Atul’s Song A Day- A choice collection of Hindi Film & Non-Film Songs

Archive for the ‘Sandhya Mukherji Songs’ Category


This article is written by Sadanand Kamath, a fellow enthusiast of Hindi movie music and a contributor to this blog. This article is meant to be posted in atulsongaday.me. If this article appears in other sites without the knowledge and consent of the web administrator of atulsongaday.me, then it is piracy of the copyright content of atulsongaday.me and is a punishable offence under the existing laws

Blog Day :

4123 Post No. : 15277 Movie Count :

4202

For the general Hindi film audience, Suchitra Sen (real name: Roma Dasgupta) is synonymous with her lead roles in ‘Bambai Ka Babu’ (1960) with Dev Anand, ‘Mamta’ (1966) with Ashok Kumar and ‘Aandhi’ (1975) with Sanjeev Kumar. The second category of audience with academic interest in Hindi films will add four more of her Hindi films – ‘Devdas’ (1955) in the role of Paro with Dilip Kumar, ‘Musafir’ (1957) with Shekhar, ‘Champakali’ (1957) with Bharat Bhushan and ‘Sarhad’ (1960) with Dev Anand. Those in the latter category of Hindi film buffs would also know that Suchitra Sen worked in many Bengali films and the Bengali film audience loved to watch their favourite on-screen couple, Suchitra Sen and Uttam Kumar.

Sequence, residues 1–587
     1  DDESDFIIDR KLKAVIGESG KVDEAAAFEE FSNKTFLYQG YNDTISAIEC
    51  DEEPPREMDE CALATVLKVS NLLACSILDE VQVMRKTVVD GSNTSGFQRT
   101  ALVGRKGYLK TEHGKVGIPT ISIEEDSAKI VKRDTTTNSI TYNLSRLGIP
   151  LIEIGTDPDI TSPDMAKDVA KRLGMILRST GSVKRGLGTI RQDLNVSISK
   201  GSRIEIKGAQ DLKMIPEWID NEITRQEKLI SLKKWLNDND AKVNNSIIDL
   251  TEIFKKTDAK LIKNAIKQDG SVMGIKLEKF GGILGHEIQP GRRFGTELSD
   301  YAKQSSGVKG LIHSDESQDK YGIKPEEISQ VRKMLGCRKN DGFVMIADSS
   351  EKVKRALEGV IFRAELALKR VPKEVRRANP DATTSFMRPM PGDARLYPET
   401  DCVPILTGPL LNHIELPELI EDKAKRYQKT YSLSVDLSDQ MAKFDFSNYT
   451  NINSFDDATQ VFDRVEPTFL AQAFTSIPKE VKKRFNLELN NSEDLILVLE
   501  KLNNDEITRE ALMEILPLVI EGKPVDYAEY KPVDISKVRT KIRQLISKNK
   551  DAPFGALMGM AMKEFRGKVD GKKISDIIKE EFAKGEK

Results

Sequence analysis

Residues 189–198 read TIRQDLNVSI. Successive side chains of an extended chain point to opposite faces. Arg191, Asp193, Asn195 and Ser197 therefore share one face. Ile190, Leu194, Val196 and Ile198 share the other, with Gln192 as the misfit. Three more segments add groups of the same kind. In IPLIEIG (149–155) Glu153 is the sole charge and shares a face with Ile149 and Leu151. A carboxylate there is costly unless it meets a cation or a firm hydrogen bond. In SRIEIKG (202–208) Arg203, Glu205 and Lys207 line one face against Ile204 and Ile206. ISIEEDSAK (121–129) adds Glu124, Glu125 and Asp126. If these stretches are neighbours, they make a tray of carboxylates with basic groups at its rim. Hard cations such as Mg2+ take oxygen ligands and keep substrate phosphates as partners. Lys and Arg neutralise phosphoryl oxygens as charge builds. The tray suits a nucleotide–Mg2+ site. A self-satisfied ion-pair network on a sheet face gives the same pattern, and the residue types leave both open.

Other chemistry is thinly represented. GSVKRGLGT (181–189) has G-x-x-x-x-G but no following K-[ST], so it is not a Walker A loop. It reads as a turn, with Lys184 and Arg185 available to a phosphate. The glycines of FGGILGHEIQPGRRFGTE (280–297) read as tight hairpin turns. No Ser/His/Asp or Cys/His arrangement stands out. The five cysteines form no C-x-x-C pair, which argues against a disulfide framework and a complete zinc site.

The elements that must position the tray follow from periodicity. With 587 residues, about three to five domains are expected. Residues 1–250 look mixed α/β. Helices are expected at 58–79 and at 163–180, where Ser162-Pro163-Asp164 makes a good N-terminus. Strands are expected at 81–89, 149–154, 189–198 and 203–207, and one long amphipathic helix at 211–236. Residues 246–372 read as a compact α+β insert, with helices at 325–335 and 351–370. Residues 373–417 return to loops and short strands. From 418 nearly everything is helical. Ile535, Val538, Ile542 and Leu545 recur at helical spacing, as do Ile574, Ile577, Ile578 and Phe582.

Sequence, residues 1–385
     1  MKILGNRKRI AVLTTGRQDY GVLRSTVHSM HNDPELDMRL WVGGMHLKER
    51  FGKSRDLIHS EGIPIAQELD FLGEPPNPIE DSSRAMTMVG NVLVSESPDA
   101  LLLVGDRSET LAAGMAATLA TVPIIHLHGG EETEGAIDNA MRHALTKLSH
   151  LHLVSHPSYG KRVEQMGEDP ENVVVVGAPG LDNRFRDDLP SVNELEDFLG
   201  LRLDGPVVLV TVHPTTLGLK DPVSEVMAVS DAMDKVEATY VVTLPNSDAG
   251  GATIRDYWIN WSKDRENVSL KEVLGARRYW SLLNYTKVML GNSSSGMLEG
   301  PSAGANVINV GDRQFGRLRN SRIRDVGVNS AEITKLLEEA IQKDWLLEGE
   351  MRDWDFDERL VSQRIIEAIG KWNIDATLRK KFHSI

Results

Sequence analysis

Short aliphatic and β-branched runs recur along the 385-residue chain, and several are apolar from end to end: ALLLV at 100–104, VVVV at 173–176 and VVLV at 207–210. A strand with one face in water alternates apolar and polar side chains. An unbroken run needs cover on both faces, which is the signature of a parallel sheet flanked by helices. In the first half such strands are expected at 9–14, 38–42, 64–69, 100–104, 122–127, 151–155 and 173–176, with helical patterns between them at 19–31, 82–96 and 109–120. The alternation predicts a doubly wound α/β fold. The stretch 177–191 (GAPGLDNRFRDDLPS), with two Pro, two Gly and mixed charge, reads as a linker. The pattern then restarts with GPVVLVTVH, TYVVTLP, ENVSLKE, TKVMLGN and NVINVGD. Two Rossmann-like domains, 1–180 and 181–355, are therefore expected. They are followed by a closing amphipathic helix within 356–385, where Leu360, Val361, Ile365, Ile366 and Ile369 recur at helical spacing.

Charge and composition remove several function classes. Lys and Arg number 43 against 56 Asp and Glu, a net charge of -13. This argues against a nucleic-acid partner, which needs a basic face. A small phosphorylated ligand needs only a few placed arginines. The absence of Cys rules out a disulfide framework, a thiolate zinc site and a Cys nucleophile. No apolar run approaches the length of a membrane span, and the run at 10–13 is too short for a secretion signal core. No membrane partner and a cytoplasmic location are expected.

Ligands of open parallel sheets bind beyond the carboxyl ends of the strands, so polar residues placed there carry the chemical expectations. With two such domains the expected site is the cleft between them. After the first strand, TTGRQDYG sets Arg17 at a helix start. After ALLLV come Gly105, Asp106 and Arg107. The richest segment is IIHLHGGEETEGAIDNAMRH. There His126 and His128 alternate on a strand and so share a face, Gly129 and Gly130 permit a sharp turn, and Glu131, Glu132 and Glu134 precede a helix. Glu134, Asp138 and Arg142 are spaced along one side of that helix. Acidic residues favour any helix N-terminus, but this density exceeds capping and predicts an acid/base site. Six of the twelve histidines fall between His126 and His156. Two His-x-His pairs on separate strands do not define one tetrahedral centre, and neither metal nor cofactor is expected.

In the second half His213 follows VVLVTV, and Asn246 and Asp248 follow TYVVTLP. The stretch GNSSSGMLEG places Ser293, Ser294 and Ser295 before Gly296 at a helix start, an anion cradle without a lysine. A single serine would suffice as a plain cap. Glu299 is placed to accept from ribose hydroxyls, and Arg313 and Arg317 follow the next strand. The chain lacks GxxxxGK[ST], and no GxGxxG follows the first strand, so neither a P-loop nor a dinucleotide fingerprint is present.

I was in the second category insofar as Suchitra Sen was concerned until recently. But in my quest to get a few rare Hindi film songs in Bengali films made me to watch some of the popular and critically acclaimed Bengali films of the golden era (1950-75). In this process, I came to know about the important contributions made by Suchitra Sen and Uttam Kumar among others in reviving the Bengali film industry after the decline of big film productions banners like New Theatres, M P Productions (of P C Barua) and the collapse of the studio system.